Didn't the MARC data from several years back show Shorthorns to be among the best marbling of any of the breeds tested?  I'll have to get out my old issues and do some research.  I think Sho-Me farms did a lot of shear testing with the University of Missouri and had some data on the lines that tended to at least be more tender.  Lots of considerations, lots of research to be done.  I'd like average size calves that come easy, have a good growth rate, turn into efficient gainers that marble well and top the sale.  The heifer mates need to be easy keeping, good uddered, milk well, calve easily, good natured, and pretty to look at, all in an efficient package.  And they need to be polled and defect free.  Some of you might like red ones although I prefer roans.  That's asking quite a bit.  When I get it perfected, I'll let you know.  Or, if you get it perfected, let me know. 

In my opinion, there were more muscular, better milking lines in their day than the Leader 21s.  They were sure tough to beat in the showring, though.   

Offline Medium Rare

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Re: ET Weston Ablo daughter
« Reply #25 on: November 03, 2015, 04:31:21 PM »
Matt,it does take some time to learn the ropes, especially for the computer illiterate like me.I think there is the potential to find a wealth of information in the site once some things are fixed,entered, and processes made more user friendly.I guess I am surprised at the fact that they released it with so much bad or missing info.

It does seem to take quite a bit of effort to maneuver through the system.

The results I got when I went to do a birthweight search as a guest were surprising. I simply entered 0 as a max and most of the results kicked out are are a bunch of Angus bulls. If I'm a potential customer on the Shorthorn Association database, I'm there to see Shorthorn bulls. Shouldn't I at least be able to narrow the field down to only Shorthorn bulls?

Not being able to sort the field using multiple epds at a time causes some significant effort on the researcher as well. Being able to "mate" your cow to a potential bull and see their offspring's numbers seems like something that would be useful too.

The little things are often signs of big things. I hope it's just growing pains.

Offline r.n.reed

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Re: ET Weston Ablo daughter
« Reply #26 on: November 03, 2015, 05:22:51 PM »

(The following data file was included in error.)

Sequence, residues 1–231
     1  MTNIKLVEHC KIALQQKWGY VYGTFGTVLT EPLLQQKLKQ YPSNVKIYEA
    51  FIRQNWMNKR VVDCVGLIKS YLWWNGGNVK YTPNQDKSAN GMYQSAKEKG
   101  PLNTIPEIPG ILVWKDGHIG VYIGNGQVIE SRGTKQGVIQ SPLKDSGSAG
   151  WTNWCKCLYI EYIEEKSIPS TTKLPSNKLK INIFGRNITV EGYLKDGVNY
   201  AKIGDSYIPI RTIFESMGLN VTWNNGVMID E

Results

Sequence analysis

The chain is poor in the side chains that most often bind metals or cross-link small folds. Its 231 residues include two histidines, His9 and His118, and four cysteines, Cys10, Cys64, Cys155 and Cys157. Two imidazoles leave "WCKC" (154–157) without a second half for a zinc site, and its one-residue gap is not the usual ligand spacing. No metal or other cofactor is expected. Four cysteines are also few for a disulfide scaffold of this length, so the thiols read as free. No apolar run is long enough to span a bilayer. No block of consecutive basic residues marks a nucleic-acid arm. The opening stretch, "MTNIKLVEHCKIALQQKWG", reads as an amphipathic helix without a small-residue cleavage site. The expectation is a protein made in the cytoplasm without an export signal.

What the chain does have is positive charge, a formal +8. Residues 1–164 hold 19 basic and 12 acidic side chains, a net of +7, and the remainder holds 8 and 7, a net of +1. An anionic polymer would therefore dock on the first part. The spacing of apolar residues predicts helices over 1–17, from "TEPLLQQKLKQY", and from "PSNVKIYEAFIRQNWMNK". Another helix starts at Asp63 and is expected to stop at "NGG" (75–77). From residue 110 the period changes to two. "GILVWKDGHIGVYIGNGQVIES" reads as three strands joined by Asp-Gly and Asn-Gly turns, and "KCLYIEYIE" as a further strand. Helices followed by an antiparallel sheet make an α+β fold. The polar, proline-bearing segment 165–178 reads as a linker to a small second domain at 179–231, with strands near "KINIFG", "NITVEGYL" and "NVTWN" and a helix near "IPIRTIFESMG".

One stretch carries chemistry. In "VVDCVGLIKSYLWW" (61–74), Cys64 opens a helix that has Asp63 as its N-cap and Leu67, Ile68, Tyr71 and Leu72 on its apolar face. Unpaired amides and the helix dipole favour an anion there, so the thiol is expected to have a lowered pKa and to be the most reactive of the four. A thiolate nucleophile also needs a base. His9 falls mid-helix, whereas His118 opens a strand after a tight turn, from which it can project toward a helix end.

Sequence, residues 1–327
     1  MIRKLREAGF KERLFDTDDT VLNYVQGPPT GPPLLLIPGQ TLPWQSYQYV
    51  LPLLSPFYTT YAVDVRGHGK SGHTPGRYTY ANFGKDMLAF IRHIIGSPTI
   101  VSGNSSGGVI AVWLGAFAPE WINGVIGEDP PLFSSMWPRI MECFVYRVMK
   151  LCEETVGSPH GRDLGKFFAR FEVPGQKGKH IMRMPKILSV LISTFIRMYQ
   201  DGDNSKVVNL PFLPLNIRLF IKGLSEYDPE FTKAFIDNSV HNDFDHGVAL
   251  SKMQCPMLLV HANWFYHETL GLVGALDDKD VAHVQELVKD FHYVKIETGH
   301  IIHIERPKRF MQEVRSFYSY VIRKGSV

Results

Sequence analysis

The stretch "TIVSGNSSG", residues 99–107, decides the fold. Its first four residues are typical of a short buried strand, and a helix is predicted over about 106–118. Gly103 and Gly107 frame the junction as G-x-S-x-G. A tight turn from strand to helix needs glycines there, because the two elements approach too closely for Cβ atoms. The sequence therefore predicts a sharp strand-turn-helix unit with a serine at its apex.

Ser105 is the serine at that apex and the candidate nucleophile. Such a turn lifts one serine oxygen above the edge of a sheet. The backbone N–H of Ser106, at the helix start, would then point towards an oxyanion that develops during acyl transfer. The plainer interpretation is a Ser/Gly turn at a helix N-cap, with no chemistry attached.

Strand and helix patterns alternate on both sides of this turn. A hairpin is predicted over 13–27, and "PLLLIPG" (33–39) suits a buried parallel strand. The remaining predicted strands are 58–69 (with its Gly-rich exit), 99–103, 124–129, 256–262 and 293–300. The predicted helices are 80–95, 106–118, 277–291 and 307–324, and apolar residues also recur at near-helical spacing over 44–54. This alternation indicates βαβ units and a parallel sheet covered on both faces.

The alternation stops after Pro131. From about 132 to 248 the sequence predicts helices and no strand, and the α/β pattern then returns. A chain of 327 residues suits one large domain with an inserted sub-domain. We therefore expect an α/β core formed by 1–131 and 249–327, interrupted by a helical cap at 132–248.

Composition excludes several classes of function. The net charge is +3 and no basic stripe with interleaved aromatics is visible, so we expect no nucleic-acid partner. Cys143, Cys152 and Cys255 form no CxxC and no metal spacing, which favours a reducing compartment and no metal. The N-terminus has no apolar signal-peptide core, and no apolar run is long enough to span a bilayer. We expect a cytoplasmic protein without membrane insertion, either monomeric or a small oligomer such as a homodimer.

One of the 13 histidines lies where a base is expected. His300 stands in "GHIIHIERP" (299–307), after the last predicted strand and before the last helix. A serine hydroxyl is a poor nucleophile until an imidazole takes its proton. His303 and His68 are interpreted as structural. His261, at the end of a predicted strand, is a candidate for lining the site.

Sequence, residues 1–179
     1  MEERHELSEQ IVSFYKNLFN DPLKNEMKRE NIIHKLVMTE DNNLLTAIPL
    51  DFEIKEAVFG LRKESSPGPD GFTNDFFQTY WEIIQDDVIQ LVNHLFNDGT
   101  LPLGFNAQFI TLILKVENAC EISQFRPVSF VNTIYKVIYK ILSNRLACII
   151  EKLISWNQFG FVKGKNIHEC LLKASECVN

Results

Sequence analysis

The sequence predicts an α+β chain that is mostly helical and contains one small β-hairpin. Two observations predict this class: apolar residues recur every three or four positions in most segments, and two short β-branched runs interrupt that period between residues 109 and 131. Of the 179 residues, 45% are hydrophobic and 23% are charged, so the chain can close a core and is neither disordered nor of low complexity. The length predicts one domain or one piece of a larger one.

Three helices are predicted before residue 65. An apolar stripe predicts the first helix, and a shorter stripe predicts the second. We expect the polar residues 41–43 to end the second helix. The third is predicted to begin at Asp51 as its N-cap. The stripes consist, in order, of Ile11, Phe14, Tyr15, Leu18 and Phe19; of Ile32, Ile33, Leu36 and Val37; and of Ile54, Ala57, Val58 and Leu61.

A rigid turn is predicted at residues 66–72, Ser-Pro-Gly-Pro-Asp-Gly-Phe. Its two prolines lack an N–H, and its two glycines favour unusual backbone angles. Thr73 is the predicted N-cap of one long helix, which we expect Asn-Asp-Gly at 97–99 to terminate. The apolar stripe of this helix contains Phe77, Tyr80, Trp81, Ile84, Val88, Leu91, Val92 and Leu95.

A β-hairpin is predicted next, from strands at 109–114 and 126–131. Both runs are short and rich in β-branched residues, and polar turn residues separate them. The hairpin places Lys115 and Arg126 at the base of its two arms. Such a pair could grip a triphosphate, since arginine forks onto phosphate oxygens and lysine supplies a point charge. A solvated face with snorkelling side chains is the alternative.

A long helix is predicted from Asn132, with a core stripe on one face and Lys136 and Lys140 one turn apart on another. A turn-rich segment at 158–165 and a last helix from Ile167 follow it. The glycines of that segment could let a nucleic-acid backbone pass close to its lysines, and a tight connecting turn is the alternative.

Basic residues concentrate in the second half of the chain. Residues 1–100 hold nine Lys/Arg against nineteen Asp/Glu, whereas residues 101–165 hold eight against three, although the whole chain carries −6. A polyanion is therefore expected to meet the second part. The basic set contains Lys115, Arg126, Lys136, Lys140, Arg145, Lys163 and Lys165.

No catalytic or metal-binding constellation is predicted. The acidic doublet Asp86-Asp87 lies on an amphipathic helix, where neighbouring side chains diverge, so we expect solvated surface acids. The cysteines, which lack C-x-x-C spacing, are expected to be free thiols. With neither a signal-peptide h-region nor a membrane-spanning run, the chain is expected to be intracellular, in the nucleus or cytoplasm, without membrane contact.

One of the more frustrating things for me in regards to searches is the fact that if you do manage to find more than 1 Shorthorn in a search result you have to start the search over for each animal you want to look at on that list.
Gary Kaper

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Re: ET Weston Ablo daughter
« Reply #27 on: November 03, 2015, 07:32:55 PM »
I thought it was my backwoods connection that was preventing me from searching multiple epd's in the same search. It would be nice if there was door back to the old epd sorting program that could be used until this one gets ironed out.

Oakview, In my opinion, there were more muscular, better milking lines in their day than the Leader 21s. 
What would be a For Instance? I don't like Leader 21 that much because he looks( to me, which doesn't mean anything)  like a bull that would not make good cows, so an alternative from that era would be great.
'Those who do not understand the old will not understand the new'. -farmers quote

Offline Okotoks

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Re: ET Weston Ablo daughter
« Reply #28 on: November 03, 2015, 09:52:47 PM »
I thought it was my backwoods connection that was preventing me from searching multiple epd's in the same search. It would be nice if there was door back to the old epd sorting program that could be used until this one gets ironed out.

Oakview, In my opinion, there were more muscular, better milking lines in their day than the Leader 21s. 
What would be a For Instance? I don't like Leader 21 that much because he looks( to me, which doesn't mean anything)  like a bull that would not make good cows, so an alternative from that era would be great.
I think Leader 21st produced some pretty outstanding daughters. He may have been noted more for the number of his sons and grandsons that made herd sires. Here is a photo of a 3 year old 21st daughter from the Remitall Dispersal Catalogue. She is shown with her Pheasant Creek Leader 4th heifer calf and the bull she raised as a two year old by the Australian Bogan Yalta. This cow's dam was by a son of the 21st as well so both she and her calf are linebred Leader 21st

I had to scan this photo from the catalogue upside down. I rotated it and saved it but when I upload it it's back upside down ??? It is right side up in my pictures...tech challenged here  (dog)
« Last Edit: November 04, 2015, 12:33:38 AM by Okotoks »

Offline beebe

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Re: ET Weston Ablo daughter
« Reply #29 on: November 03, 2015, 11:02:35 PM »
I thought it was my backwoods connection that was preventing me from searching multiple epd's in the same search. It would be nice if there was door back to the old epd sorting program that could be used until this one gets ironed out.

Oakview, In my opinion, there were more muscular, better milking lines in their day than the Leader 21s. 
What would be a For Instance? I don't like Leader 21 that much because he looks( to me, which doesn't mean anything)  like a bull that would not make good cows, so an alternative from that era would be great.
Boa Kae Royal Oak might be what you are wondering about.  Cattle that have a lot of capcity, body instead of legs.